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By Clare Allen, Consultant, Deloitte
A global mobility business partner by our definition is ‘a global mobility professional who supports the business to meet their overall organisational goals through collaboration on global workforce and skillset requirements’. A successful business/global mobility relationship is one where ‘the business and the global mobility teams’ have a relationship built on trust’.
So how does this all look in practice and how can you develop business partnering skills?
By Laura Burton, Associate Director, Deloitte
One of the hottest topics out there currently, both for our clients and also internally at Deloitte is digital transformation. But what does it actually mean?
- Is it using robots to replace humans? No.
- Is it using computers to do manual tasks? Kind of.
- Is it about changing the way we do business through digitising our processes? Yes.
- Would it be helpful to be talked through a real-life example of what this means in practice? Absolutely.
By James Hobley, Consultant, Deloitte
In August last year, one of our clients approached us to ask if we knew anything about robotics – or more specifically, robotic process automation (RPA) – and how it might apply to mobility. For those new to this area, RPA is the use of software to replace the need for humans to perform repetitive rules-based tasks; tasks that we in mobility will know all too well - think annual COLA reviews, compensation manipulation, package updates, etc. It is a self-evident ‘slam dunk’ for mobility practices. Other than having time-intensive tasks completed in a fast and accurate automated fashion, you can also free up advisor time to focus on more consultative work.
By Danny Taggart, Director, Deloitte
Last year I was given the challenge of designing and delivering our flagship Global Employer Services client conference in the beautiful city of Prague.
A huge personal challenge, but it was amazing to see eight months of preparation, planning and design, working with a fantastic team of people, finally come to fruition. Moreover, the reaction from our clients to the conference itself was a wonderful affirmation of our approach.
By Harriet Speller, Consultant, Deloitte
I’m always sceptical of New Years’ Eve. A night out is usually overpriced, generally overpopulated and of course there are a lot of inflated promises of big changes being made (#NewYearNewMe) which we know will be out the window come February!
A giant overhaul with big audacious goals is so tempting, like dramatically binning a whole report just because of a few mistakes, but in practice it’s so much harder to start again from scratch, especially when the original, although flawed, was completely functional. Sometimes it’s better to focus on the journey; where you want to get to, and giving yourself time and space to take the fundamental steps to get there.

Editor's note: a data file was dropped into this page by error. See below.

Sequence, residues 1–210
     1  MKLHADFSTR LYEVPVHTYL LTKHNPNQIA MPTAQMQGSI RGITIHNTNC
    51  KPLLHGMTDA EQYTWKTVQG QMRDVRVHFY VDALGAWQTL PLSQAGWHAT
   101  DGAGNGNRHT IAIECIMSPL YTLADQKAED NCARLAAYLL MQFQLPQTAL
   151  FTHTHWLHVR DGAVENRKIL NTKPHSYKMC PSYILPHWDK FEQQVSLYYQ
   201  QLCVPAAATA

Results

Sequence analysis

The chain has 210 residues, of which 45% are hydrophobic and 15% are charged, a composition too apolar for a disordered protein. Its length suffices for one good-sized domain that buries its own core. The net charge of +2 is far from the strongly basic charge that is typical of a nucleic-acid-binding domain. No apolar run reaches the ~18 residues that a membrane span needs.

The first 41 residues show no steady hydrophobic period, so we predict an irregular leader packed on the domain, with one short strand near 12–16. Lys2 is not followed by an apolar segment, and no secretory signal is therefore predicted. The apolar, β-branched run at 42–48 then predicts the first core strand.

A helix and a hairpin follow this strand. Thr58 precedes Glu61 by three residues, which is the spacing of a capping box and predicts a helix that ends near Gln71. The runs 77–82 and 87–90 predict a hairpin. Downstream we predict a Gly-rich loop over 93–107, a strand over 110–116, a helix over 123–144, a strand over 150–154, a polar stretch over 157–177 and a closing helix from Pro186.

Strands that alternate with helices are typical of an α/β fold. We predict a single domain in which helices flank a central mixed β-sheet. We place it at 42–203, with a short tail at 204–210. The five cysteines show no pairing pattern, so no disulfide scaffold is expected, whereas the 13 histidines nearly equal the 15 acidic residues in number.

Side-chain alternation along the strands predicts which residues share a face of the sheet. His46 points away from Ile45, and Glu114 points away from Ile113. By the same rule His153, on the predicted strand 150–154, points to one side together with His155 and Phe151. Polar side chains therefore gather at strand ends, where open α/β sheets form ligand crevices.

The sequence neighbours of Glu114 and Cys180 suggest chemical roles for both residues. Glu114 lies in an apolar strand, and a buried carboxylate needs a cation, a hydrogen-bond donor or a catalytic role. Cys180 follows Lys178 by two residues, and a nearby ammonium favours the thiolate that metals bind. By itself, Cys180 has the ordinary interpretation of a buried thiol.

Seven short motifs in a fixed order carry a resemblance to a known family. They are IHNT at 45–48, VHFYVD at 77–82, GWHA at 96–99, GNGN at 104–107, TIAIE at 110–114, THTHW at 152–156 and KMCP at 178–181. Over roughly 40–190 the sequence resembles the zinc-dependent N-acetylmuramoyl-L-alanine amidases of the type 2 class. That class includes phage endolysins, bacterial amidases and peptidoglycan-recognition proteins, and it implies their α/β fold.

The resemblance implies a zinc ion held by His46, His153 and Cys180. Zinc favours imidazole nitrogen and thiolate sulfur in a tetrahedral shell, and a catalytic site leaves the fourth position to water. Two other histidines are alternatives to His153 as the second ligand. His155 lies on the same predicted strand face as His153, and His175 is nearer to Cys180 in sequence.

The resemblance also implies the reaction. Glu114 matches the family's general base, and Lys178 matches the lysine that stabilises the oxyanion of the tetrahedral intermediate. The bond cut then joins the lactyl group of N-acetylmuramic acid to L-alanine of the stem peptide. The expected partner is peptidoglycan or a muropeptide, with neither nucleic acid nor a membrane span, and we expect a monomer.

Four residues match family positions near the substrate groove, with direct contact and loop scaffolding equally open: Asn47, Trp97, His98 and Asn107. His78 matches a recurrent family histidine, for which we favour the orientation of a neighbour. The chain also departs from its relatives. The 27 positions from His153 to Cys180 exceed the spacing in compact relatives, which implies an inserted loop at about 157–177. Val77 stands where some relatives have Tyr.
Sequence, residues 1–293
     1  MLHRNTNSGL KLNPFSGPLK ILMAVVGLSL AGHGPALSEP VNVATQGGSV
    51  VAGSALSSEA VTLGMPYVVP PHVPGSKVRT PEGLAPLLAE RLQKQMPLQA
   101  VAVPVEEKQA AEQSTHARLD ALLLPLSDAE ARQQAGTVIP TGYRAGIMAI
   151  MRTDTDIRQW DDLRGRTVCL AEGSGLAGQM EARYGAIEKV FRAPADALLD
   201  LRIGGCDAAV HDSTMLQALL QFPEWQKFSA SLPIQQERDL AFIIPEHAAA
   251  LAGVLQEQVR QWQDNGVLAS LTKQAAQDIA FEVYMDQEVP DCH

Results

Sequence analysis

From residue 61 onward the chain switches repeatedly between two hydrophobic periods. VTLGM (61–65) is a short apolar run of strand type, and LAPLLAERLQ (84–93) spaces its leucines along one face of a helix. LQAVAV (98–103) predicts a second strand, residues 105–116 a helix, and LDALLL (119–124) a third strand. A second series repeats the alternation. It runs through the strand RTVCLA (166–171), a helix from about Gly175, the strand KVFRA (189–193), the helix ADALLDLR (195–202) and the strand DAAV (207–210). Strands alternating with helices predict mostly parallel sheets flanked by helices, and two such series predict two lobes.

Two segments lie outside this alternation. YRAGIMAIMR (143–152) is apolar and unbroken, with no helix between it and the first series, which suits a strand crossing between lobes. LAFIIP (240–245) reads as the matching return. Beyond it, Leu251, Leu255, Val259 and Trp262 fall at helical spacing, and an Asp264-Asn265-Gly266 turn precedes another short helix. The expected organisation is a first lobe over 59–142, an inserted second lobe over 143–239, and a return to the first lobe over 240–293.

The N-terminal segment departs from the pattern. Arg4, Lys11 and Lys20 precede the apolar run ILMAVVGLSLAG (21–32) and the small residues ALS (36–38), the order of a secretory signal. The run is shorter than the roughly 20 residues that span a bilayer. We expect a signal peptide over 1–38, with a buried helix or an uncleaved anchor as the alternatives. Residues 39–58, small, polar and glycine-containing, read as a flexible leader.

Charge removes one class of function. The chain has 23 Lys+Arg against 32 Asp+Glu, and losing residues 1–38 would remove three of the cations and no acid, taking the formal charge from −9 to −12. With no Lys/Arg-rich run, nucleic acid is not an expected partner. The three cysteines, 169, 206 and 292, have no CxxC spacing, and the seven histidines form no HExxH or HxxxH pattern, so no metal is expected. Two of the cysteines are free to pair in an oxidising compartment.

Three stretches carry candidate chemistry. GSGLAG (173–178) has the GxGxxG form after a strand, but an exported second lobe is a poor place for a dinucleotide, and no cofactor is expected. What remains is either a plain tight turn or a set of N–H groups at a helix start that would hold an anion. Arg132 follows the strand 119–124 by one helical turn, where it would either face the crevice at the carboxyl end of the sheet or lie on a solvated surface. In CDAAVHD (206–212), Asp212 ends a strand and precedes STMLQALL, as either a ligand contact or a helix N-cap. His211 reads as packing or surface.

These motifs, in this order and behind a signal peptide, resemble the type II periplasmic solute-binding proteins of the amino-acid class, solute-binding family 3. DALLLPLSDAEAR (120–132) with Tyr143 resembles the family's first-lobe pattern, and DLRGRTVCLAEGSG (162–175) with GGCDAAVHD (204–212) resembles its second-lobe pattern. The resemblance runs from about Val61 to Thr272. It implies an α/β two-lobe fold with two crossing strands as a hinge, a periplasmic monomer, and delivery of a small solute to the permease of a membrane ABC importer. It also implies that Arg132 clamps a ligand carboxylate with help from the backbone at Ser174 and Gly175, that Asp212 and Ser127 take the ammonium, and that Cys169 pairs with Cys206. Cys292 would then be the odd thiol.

By Matt Lowcock, Manager, Deloitte
Meet the challenge!
I never thought that joining Deloitte would lead me to the top of a mountain!
Whilst working at Deloitte I have had the opportunity to help solve numerous client problems. And we all enjoy solving problems, right? However, in contrast to the typical challenges we help our clients navigate, my most recent one took the form of a mountain... Stok Kangri. The expedition was part of Deloitte’s One Million Futures volunteering initiative. The challenge: how can I get myself to the top?!
At least mum’s impressed…
I recently achieved a significant milestone in the career of a consultant – I am now a fully-fledged Silver member of British Airway’s executive club. Now that I can retire smug with the satisfaction that I can book my seat a little bit earlier than everyone else, it seems a natural time to reflect on what I have become: a business traveller.
While my mother is impressed (“you’re a real jetsetter aren’t you”, I smile wistfully, knowing that purgatory is something like 3 hours in Rotterdam airport), the early novelty of business travel has given way and I now regard travel as a somewhat hum-drum element of my job.
By Clare Allen, Consultant, Deloitte
When organisations review their global workforce program, we are often asked questions such as ‘what do others do in our industry?’ ‘What policy benchmarking data do you have?’. But, are these the right questions to ask? Should the onus be placed on following ‘the norm’ when workforce talent and business strategies of organisations can be so varied.
To answer, let’s look at the good, the bad and the downright ugly of market benchmarking...
By Beth Warner, Associate Director, Deloitte
If you are like me and have worked in mobility for over 11 years, you will be fairly comfortable with explaining what “mobility” means, especially in the small professional circles that we operate in. Even if a family member or, dare I say, a friend of a friend who has the ultimate dream-job of ice cream tasting, asks “So… what do you do for a living?” I will casually explain that we support organisations with their expat population. Everyone, or at least most, will have heard the term “expat”. And we move the conversation on to their thoughts on the latest Love Island episode, knowing at least they have a small idea of what we spend our working time doing.
With the changing nature of work and the rise of disruptive technologies, it is becoming increasingly clear that organisations need to be smarter about how they use their talent. No longer is it the norm for employees to be doing the same role day-in day-out for the lifetime of their career (25% of current roles are predicted to be replaced by automation in the next 20 years1 and the half-life of any particular skill is between 2.5 and 5 years). Instead, employees are finding that they need to continually reinvent themselves and, with the ease at which they can find new roles, job-hopping is fast becoming the new norm in a quest to find new challenges and develop new skills.